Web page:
Bad batteries reportedly the cause of Galaxy Note 7 fires
Gear up on five IoT news bites for Monday
Bad Battery Battery problems appear to be the reason for Galaxy Note 7's catching fire, according to Reuters. An unnamed source spoke with the news organization, adding that a final report on its findings will be made at its earnings conference later this month. But the source notes that Samsung was able to repeat the explosions—and that they were not cause by software or by the design of the product. Samsung recalled its smart device last year after reports of the smartphone catching fire hit social media and news. Concern pushed the Federal Aviation Administration to ban the devices on planes. The company eventually stopped selling the smartphone entirely.
Health Detector A wearable to detect when you have Lyme disease? A Stanford team has been developing just such a device that would be able to tell when your body has changes such as blood oxygen levels shifting, or skin temperatures changes. The prototypes are already starting to work, as one of the authors of a paper in the PLOS Biology journal about the project found, using his wearable and the data to diagnosis his own Lyme disease. Wearable sales are growing, but not as quickly as once estimated. About 16 percent of Americans use wearables, according to eMarketer. And tat's only thought to reach 21 percent by 2020. Interest in smartwatches, and fitness trackers certainly appear to be stalling. But wearables that can detect or manage health may hold a different interest to consumers. Stanford researchers clearly believe this is so.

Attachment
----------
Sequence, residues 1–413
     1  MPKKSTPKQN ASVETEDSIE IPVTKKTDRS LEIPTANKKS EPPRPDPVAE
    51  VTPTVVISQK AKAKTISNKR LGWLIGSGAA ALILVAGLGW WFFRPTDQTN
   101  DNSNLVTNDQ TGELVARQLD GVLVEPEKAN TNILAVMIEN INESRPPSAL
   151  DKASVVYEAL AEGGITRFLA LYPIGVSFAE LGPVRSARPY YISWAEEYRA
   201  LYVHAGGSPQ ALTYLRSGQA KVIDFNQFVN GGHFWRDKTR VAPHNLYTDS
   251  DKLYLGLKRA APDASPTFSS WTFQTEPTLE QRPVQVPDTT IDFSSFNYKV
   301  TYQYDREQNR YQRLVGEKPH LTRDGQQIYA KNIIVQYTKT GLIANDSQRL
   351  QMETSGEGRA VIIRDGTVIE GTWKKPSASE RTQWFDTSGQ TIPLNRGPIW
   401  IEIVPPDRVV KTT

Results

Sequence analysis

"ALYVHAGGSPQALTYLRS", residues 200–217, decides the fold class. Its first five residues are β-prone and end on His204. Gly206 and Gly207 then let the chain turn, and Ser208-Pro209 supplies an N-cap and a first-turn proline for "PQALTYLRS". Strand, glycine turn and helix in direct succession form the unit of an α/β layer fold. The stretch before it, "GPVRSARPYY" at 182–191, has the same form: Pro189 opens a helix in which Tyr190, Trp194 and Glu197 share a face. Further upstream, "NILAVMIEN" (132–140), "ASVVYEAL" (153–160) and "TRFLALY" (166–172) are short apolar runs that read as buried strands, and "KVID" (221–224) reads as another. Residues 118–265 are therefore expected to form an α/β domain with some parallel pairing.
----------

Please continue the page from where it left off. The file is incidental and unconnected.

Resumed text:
Apple Commercial Apple has pushed out a series of ads for its new AirPods. The problem? Apple's wireless earbuds are few and far between. Ordering them online will take six weeks. Pickup in stores? Plan to wait until sometime in March.
Nokia Foldable Nokia has a patent for a foldable phone—with a screen that folds inside, a bit different from the Samsung option we wrote about last week. Samsung, as we mentioned, is planning to launch their option this year. The patent was filed back in 2013—but with Samsung's presumed launch up and coming, brands may be looking to launch competing options as well. (Via PhoneArena)
Robot Kill Switch The EU wants to ensure that humans have protection from robots in the future—demanding they have a kill switch installed when developed.